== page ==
The usage is definitely there for Diggs. That’s good, because opportunity is stickier than efficiency. Eventually, a simple positive reversion towards the mean will see him converting those deep passes into big plays, and producing more fantasy points. Diggs would be a full on BUY recommendation if he didn’t have so much brand equity associated with his name. Try to buy him if you can for the right price, but he’s a super safe hold right now in all formats.
Honorable Mentions: WR Tyreek Hill, Chiefs / WR Michael Pittman, Colts
SELL - QB Kirk Cousins, Vikings
This one is pretty easy. Cousins is currently the QB4 overall on the season fueled by a lot of passing and high levels of touchdown efficiency.
Let’s first look at this from the team-level. The Vikings have been playing in a lot of fast-paced, shootout-type games recently which is good for passing production. However, we know that this offense prefers to use a more balanced approach on offense. Minnesota currently ranks 4th in offensive plays/game after ranking 19th in plays/game last season. Their 52.4% Pass Rate in 2020 ranked 27th, whereas their current 60.1% is the 13th highest in the league so far. You can already see a pretty big discrepancy there between their actual play tendency this season and what you’d expect from them based on the past.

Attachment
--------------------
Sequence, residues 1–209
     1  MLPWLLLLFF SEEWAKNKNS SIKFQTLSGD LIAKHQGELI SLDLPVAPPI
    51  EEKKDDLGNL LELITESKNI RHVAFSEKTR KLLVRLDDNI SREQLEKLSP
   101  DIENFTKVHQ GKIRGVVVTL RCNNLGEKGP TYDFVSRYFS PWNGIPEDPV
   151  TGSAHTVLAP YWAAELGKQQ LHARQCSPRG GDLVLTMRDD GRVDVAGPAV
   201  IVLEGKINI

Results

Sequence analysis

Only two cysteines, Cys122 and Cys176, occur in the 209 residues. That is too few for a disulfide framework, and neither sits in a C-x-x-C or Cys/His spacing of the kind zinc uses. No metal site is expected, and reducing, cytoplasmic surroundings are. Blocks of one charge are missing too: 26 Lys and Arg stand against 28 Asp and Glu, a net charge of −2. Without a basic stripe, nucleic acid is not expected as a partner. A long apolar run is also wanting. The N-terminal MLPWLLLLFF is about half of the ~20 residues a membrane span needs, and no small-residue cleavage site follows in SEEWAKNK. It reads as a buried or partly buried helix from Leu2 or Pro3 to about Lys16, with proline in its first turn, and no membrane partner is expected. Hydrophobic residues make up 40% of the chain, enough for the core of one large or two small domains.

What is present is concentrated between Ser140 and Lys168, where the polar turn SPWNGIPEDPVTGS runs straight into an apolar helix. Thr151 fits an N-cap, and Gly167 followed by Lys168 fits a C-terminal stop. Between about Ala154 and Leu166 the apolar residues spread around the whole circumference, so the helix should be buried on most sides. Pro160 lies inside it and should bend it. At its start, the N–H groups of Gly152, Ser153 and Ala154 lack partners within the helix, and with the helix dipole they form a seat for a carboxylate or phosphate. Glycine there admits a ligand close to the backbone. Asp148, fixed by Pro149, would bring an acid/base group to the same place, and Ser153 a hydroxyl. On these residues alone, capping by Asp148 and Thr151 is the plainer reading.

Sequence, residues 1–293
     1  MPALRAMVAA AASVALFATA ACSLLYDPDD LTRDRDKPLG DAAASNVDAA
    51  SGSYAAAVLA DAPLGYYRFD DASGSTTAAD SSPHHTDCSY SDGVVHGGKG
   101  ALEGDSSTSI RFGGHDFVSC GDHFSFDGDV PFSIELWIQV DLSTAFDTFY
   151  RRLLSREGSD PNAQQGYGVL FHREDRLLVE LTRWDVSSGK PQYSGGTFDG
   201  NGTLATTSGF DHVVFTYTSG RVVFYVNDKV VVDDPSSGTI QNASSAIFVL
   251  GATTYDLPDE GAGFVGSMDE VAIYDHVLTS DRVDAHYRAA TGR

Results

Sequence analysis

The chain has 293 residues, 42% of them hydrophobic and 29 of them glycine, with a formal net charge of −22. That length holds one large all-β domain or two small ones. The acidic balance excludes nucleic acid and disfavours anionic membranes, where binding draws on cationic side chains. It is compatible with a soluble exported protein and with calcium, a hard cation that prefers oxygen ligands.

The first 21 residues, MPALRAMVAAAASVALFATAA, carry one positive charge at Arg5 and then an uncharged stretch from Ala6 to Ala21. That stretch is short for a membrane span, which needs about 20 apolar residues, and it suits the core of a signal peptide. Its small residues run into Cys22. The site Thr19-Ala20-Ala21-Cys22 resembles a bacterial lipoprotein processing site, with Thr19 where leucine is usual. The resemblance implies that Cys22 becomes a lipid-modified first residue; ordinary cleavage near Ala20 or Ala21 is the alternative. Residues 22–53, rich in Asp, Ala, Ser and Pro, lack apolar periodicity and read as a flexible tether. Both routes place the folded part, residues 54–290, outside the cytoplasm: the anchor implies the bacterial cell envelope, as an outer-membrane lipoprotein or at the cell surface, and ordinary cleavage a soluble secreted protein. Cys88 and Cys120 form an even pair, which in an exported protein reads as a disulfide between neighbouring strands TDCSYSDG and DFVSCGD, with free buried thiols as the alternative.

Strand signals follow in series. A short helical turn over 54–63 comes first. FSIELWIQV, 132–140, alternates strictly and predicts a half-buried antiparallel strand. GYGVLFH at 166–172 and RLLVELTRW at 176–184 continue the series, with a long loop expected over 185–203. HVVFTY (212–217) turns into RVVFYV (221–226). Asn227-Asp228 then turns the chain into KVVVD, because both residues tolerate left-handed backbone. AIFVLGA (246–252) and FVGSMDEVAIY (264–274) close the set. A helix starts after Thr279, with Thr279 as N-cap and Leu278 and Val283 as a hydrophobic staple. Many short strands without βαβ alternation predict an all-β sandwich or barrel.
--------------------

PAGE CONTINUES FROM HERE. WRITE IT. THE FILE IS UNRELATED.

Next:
Cousins has thrown for 8 touchdown passes in three games, which is good for a 6.7% TD Rate. Not crazy high, but still higher than his 5.9% TD Rate during his Vikings career. His 40 pass attempts/game this year is also higher than his 33.7 attempts/game career average. Normally with higher amounts of volume, you’d expect lower levels of efficiency. However, Cousins has managed to increase both simultaneously. While impressive, it’s also rather unsustainable.
Cousins also gives you close to nothing on the ground. He’s averaged just 7.6 rushing yards and 0.06 rushing TDs per game during his Vikings career. Aside from a few single-season outliers, the modern fantasy quarterback needs consistent rushing work to be a top producer. Cousins simply doesn’t have that in his arsenal.
I expect the Vikings to eventually start running a more balanced and slower-paced offense. That means less raw opportunity for Cousins overall. If his efficiency negatively regresses on top of that, then Cousins might not even be in the top-12 quarterback conversation. He just doesn’t have any rushing production to fall back on. Sell Kirk Cousins while you still can.